Bend 1031 exchange files for Chapter 11
Clients could recover some of their money but face tax liabilities
By Andrew Moore
December 23. 2008
Bend-based Summit Accommodators Inc., which does business as Summit 1031 Exchange, filed for Chapter 11 bankruptcy protection Friday and was placed in receivership, saying it’s short approximately $14.2 million out of a total of $27.8 million due its clients, according to a statement posted on the company’s Web site.
The company, which has operations in eight mostly Western states, closed its Bend office Dec. 15, citing a cash crunch. The status of other Summit offices listed online was unclear.
Mark Neuman, president of Summit, said Monday that he could not comment on the bankruptcy.
The company’s bankruptcy attorney, Susan Ford of Sussman Shank LLP in Portland, referred all questions to the online statement.
In the statement, the company acknowledges it loaned money from its clients to Inland Capital Corp., a company owned by the same owners as Summit, which in turn loaned the money to various entities and individuals involved in real estate investments, primarily in Central Oregon.
With the downturn of the real estate market, the entities and individuals who received loans from Inland were unable to repay Inland, which in turn was unable to repay Summit, according to the statement. Inland owes Summit $13.7 million.
The majority of the company’s 20 largest unsecured claims are from creditors based outside Central Oregon, according to the company’s bankruptcy petition. Chapter 11 protects a company from creditors while it reorganizes its finances.
“It’s absolutely ruined my life,” said Bert Manuel, of Yuba City, Calif., who is owed $512,232 by Summit, according to the bankruptcy petition filed by the company with the U.S. Bankruptcy Court, District of Oregon.
Manuel had hoped to use the money he entrusted to Summit to purchase a cabin near Lake Tahoe. Now the deal is likely off, and Christmas, too, he said.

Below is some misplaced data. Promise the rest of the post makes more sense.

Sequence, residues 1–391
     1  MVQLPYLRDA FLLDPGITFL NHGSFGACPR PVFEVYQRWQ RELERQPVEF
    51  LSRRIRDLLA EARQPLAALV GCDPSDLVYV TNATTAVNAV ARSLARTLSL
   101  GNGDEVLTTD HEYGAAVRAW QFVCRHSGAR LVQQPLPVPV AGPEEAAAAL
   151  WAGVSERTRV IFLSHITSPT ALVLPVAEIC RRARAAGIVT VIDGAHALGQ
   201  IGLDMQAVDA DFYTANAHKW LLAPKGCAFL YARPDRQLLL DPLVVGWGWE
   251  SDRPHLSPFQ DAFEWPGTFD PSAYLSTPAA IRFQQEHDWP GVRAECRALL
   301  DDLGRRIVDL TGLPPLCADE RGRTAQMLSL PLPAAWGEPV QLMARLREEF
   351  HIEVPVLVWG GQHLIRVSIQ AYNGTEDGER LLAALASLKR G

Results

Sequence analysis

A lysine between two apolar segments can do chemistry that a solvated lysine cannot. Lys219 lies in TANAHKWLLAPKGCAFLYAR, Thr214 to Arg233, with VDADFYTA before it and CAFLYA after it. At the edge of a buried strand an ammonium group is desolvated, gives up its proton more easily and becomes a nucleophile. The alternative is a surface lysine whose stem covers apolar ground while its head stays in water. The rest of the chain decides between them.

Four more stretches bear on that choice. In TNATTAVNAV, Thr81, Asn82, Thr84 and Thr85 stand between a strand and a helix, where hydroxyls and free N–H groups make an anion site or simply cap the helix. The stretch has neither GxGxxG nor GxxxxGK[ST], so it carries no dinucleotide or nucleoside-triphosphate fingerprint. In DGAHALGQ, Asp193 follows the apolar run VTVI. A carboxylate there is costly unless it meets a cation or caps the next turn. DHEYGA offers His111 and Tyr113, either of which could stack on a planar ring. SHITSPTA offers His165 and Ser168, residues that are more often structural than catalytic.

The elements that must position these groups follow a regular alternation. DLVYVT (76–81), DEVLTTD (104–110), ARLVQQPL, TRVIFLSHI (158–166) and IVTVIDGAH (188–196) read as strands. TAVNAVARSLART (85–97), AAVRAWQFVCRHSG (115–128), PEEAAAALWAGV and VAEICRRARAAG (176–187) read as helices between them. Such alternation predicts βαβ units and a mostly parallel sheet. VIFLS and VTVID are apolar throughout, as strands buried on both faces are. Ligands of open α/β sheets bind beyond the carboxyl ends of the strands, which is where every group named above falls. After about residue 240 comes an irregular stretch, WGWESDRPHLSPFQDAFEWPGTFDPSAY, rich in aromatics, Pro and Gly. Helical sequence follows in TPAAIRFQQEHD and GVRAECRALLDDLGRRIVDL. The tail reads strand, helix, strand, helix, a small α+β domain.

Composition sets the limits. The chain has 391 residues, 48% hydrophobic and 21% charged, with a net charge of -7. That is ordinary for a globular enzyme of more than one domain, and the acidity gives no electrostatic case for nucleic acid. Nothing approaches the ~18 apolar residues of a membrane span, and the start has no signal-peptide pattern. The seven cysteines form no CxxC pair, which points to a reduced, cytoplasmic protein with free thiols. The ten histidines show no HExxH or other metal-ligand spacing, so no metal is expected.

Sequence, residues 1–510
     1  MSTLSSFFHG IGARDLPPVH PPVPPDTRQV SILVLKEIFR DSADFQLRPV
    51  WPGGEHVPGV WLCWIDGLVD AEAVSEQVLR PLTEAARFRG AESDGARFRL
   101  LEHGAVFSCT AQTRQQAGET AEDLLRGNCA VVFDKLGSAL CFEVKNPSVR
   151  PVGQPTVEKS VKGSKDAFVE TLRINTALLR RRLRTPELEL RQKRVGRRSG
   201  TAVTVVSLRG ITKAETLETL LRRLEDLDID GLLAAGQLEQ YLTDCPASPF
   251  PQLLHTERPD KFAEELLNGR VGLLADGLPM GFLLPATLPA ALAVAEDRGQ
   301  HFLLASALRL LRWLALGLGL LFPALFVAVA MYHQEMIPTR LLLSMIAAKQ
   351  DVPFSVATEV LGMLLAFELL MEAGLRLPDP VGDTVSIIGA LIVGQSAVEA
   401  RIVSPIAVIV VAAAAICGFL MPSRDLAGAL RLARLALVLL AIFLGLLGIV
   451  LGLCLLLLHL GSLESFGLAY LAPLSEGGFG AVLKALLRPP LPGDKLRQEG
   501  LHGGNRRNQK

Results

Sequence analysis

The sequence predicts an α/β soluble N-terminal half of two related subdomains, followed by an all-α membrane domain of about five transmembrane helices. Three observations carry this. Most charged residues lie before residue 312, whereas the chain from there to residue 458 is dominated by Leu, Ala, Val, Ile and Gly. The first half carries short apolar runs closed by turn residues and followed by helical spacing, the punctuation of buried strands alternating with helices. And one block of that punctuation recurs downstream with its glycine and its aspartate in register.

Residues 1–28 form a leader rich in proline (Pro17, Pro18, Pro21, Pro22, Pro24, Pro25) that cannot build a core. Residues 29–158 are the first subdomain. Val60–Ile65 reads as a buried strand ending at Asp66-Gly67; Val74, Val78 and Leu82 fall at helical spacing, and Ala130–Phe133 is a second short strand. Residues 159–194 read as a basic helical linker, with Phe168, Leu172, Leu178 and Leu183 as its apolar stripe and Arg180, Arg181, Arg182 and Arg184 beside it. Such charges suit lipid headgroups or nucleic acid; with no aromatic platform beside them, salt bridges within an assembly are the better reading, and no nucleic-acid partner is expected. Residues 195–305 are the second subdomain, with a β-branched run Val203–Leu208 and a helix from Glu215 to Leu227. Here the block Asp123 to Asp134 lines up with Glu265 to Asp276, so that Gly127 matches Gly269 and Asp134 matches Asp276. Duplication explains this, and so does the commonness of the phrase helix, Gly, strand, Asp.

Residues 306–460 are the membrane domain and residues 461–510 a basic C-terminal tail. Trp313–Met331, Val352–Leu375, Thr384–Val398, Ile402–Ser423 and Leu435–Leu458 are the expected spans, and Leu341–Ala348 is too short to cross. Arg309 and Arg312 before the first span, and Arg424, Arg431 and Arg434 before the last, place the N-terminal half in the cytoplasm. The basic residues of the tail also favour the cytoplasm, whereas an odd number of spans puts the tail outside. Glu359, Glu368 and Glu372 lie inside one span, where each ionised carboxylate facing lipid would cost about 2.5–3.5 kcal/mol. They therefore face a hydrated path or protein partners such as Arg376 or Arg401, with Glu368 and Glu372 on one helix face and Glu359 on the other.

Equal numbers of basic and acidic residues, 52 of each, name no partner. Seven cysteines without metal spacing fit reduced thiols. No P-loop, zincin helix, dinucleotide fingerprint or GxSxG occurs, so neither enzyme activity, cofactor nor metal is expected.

“Every present we bought for our kids was around the cabin that we were going to purchase … and everything we have done for this Christmas, including making plans for the family to go up there and spend Christmas, is gone,” Manuel said. “My kids are just devastated.”
Summit facilitated real estate transactions called 1031 exchanges. A 1031 exchange refers to Section 1031 of the federal tax code, which allows the owner of a business or investment property to sell the business or property and defer any capital gains tax if the proceeds are used to purchase a business or investment property of equal or greater value.
Caveats are the purchase must be made 180 days after the sale, and the sale proceeds can’t pass through the owner’s hands, thus requiring a third party to take delivery of the proceeds, hold them until the seller finds another suitable investment and then send the money to the new seller in the buyer’s name.
According to the Internal Revenue Service, these third parties are called qualified intermediaries.
There is no federal oversight of qualified intermediaries, which the industry also calls accommodators. Most states, including Oregon, do not have any regulatory oversight of such companies, either.
Kevin Anselm, chief of enforcement and securities for the Oregon Division of Finance and Corporate Securities, said the department has begun an investigation into Summit.
“We have some questions about the (account) differences and want to know if investors knew that their money was being loaned out,” Anselm said Monday.